God On The Rocks

“Please let there be no one at my rock,” I’d whisper silently, picking up the pace. The deeply wooded trails behind me, I’d step out onto the promontory of rock and take the giant breath I’d been holding inside for too long. It was here at the edge of the world, all sky and ocean, that my body could lift the mask from its daily façade.

Lighthouse Park (2)In the months following my daughter’s diagnosis, a visit to this sacred spot became a weekend ritual; the one place I could find solace in a world falling apart around me. Lighthouse Park, a summation of all that’s beautiful about Vancouver, was my go-to place.

I’d head directly to the pocket of rock carved, it seemed, just for me to hunker down and take refuge from the world. Most times I went there to cry, for a life that was ‘never meant to turn out this way’. Other times I would talk to ‘God’, the Universe, whoever might be listening. “I wish for a long and healthy life for my daughter Rachel,” I’d say out loud, hoping that audible prayers might take precedence over the silent kind.

In later months when the sun had warmed deep in the Earth I’d lay back, arms outstretched on the ancient rock letting it absorb all of me, the weight of worry shifting from me to Her, without question or conversation, judgment or sympathy. Some alchemical healing began to work its magic.

When my daughter’s tumour was thought to be malignant, my rock beckoned more and more. Conversations with ‘God’ came thick and fast. Then came that unforgettable day. Curled up on my side, the hypnotic motion of waves and tide had held me captive for hours. I needed to begin the journey home. As I peeled my body from the rock and opened my eyes I saw it; the most perfect rainbow plastered across the skies of West Vancouver’s shoreline. A new bout of tears clouded my vision. But this time, I was smiling too. Certain that my spoken prayers had been heard, I lay down again and listened. Here’s what ‘God’ had to say:

“There’s always beauty in pain. Go find it.

And don’t worry, I’ve got this one.”

Never before or since did I believe in the power of prayer or feel accompanied by something larger, so much as on that day.

Each time I see a rainbow I smile at the memory of that day’s vision. I know now that great beauty originates in the graceful acceptance of sadness. As Marcel Proust said, “The real voyage of discovery consists not in seeking new landscapes but in having new eyes.”

Unlike grief, nature is predictable. Its ebb and flow, its seasons and cycles offer us hope when little else can. To find our special places in the natural world is a calling we each must discover. My rock at Lighthouse Park, a meeting of land and sea, was the place I found to grapple with profound and painful change. Where’s yours? Where do you go to find peace, to mend your heart, maybe even talk to ‘God’?

In the Absence of Eggs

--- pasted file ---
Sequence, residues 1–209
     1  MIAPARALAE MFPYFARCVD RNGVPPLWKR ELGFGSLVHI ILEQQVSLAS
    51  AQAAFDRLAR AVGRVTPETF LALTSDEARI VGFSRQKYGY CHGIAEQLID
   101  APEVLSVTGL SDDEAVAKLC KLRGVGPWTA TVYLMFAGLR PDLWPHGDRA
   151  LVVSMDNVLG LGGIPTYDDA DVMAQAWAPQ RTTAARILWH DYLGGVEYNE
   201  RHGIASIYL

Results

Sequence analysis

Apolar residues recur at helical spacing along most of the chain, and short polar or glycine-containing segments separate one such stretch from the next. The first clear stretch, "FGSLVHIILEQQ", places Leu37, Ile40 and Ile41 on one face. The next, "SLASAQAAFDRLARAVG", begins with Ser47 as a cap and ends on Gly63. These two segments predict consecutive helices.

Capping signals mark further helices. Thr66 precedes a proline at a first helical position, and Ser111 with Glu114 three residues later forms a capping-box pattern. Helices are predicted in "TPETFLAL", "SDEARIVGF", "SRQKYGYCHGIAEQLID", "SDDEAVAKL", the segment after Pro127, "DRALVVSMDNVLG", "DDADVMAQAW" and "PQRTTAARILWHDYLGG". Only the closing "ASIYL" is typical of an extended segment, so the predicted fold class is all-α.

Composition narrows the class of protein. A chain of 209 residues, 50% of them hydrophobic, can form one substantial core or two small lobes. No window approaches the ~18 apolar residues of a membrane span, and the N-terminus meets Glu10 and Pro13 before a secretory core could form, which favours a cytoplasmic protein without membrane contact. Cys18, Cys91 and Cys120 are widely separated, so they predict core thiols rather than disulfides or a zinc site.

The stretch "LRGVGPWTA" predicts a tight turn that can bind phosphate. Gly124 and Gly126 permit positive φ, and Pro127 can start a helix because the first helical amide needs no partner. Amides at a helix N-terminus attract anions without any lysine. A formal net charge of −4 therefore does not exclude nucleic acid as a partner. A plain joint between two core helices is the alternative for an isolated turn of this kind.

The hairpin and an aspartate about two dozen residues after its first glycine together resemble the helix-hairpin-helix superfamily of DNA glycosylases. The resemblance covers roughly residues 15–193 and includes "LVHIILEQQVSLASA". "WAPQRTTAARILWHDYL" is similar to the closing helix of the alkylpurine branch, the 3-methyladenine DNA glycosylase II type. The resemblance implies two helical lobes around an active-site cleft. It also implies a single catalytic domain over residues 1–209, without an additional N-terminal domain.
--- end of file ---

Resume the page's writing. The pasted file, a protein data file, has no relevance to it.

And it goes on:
It’s been three weeks now and the chooks aren’t putting out. Well not as far as I can tell. If they’re laying, they’re not letting on.
“Look out for eggs in strange places,” the homeowners cry joyfully, Quantas bound. Thing is, I have been looking: under boulders, piles of grass, roosting spots, but no eggs. Nada. Nothing. 

What’s worse is one’s losing all her feathers. A coating of downy soft plumage lines the carport, like the aftermath of a pillow fight. More each day.  
Dear God,
If you’re around this Easter
Please take care of the chooks,
Please don’t let there be any animal fatalities under my watch. 
I don’t care about the eggs anymore. 
Thank you, 
While God’s working on that l head out in search of the chocolate kind, Cadbury’s Mini Eggs, my primary source of sustenance for years spent writing March report cards. 
Wincing at the increasingly exposed blue neck of the barren chook nestled deep within the carport I drive off in a cloud of feathers, eager to accumulate an Easter stash of something edible.

Aussies love their chocolate. Cadbury’s is HUGE. Easter egg displays are spectacular with eggs of every size, colour, and filling that launch pensioners into fits of giddy delight. But alas, I search the aisles of Coles, Woolworths, and IGA in vain. Under great duress I’m forced to entertain the notion of an Easter devoid of my favourite crunchy morsels. 
With no luck on the egg front of either variety it’s clearly time for a change – again! The licence plates remind me:
Tasmania – Explore the Possibilities

So instead, each morning I hunt for the hugest, plumpest figs ready to pluck and rest atop my counter and ponder the deliciously divine ways in which to consume.

I scan the vista of meandering river amidst fields of barley, cut a blooming red rose and admire its majesty of folds and fragrance. The rooster crows, a kookaburra laughs, and a robin models his tangerine chest to appreciative onlookers. Bountiful beauties of another kind offer themselves to me in abundance.
Who needs eggs? Not me it seems. 

Well, at least not till the next full moon. (See Mars Bar Meditation) Hmmm, think that’s tonight. Suddenly, a werewolf urgency propels me into a frenzied panic….

hey…look what I found at the corner store!